With a lack of resources and declining culture, Chicago faces a mass exodus that threatens the stability of our city.

What makes a city a city? Is it the streets? The buildings? The cultural contributions? Is it their sports stadium? Or is it your favorite street vendor?

While all of those things add a certain unique flair, irreplaceable as the heart and soul of all cities but it’s not what makes a city. No, what makes a city is far more simple: the people. Us. We make a city. We are our city. And every year, our city gets a little smaller.

Between 2016 and 2017, Chicago was the only one of the top ten cities in America to see a loss in population, according to the U.S. Census Bureau. The numbers keep declining and we run the risk of losing the people who not only create the special touches that make Chicago like no other place in the world, but the fiscal fabric of our society. Without us, there is nothing left but corporate skyscrapers and luxury penthouses occupied by the wealthy elite… and where are we? Displaced refugees of a corporate invasion that leaves lack of services, higher taxes and no affordable housing in it’s wake. Year by year, more and more Chicagoans jump ship, forced to find somewhere new to call home and they take with them a culture that can never be replaced and a city speeding headlong into default.

Mayor Emmanuel and the Metropolitan Planning Council claimed to have the solution to this immensely significant, but rarely talked about, issue. Selling the city to the highest bidder and driving more of the populous out of the city, as they widened the trench that separates the working class and the wealthy in this on-going war for our city. The Mayor and MPC used self-serving, but incomplete statistics to convince us the economy was improving, when in reality it wasn’t. When unemployment numbers went down it was only a result of the minimum wage jobs offered the people of Chicago by incoming companies. These companies filled the corporate vacancies with out-of-state applicants. Added to this was the mass exodus out of the city by those who could no longer support themselves anymore.

The jobs numbers were a sculpted illusion, statistical doublespeak, that left out the realities of the population erosion of Chicago. The bumps in population applied only to a small number of wealthy, coming in to fill the high-cost jobs in the Loop, meanwhile more middle and low income people were forced out. With no one left in the city to take work, unemployment rates dropped—but it was not the savvy work of Mayor Emmanuel. It was a red herring projected only to appease us. With each of these smoke screens, Chicago becomes closer to losing it’s place as America’s 3rd largest city. Houston is poised to overtake us in the next few years. Minority populations are being pushed further and further into the south and west side and then out of the city all together or left homeless.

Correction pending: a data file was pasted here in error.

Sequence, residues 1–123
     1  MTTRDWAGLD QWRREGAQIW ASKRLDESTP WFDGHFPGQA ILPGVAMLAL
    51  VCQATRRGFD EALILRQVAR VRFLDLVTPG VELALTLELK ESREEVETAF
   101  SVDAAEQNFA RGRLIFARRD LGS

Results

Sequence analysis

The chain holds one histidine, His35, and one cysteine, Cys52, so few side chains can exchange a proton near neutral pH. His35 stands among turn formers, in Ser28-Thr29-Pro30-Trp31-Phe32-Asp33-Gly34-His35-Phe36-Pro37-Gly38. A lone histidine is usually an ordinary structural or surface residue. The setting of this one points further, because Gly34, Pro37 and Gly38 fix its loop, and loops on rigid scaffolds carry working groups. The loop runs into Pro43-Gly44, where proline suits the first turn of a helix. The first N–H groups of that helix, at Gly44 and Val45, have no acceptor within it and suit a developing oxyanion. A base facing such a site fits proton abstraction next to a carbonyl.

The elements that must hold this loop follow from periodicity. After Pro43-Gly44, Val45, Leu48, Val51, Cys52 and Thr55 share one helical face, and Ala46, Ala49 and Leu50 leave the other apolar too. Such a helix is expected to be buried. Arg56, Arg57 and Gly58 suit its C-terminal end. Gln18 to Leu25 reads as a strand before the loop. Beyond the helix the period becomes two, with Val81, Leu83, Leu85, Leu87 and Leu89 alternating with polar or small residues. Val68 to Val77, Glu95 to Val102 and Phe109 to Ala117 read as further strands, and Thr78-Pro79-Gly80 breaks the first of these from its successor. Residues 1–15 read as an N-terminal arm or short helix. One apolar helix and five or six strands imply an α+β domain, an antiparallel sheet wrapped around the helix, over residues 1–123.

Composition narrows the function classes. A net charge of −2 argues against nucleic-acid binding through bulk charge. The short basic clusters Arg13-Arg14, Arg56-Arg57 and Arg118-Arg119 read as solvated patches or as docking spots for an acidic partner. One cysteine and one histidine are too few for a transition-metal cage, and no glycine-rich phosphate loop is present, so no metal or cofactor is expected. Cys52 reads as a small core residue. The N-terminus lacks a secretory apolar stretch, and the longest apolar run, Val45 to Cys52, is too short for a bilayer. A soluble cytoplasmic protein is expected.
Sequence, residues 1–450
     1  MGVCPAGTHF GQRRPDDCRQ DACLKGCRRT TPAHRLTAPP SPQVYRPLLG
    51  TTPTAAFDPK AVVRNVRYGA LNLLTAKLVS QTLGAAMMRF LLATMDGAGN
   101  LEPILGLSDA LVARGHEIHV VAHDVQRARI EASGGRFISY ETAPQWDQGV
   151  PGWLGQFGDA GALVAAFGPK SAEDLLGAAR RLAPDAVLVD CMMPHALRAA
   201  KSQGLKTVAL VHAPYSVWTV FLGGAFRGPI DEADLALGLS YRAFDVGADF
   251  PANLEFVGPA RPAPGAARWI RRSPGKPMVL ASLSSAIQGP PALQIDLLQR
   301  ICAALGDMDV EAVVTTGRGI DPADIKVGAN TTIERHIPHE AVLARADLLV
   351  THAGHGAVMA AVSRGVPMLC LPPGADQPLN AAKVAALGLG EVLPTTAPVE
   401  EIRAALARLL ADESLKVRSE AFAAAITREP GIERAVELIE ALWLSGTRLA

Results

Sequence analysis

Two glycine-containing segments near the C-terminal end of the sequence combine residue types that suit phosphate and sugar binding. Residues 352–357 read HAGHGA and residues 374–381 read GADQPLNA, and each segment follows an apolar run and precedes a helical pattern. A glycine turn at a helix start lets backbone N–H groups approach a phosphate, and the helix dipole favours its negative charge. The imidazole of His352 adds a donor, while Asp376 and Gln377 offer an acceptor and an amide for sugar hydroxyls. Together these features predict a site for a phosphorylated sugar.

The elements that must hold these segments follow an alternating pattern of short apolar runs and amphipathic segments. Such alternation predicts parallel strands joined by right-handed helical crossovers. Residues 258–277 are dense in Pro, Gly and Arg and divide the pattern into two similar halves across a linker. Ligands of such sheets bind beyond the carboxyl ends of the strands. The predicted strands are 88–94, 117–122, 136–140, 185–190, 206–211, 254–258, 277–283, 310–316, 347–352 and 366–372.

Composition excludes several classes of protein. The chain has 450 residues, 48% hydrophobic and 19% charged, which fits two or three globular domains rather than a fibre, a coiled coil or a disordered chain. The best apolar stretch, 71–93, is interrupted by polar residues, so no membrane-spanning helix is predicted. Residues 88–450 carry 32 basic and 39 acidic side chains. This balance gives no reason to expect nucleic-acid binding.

The Mayor will tell us that many cities lost population over the past decade or so, and he would be right. What he would not tell us is that all those other cities have been able to recover, Chicago has not. The immigration which Chicago has always relied on to grow it’s population is at an all time low while birth rates are not even keeping up with the present population. All this adds up to a shrinking city that will not maintain it’s fiscal responsibilities in the near future unless we take back the diverse, inclusive, innovative city we all fell in love with.

We are Chicago—Let’s fight for what is ours.

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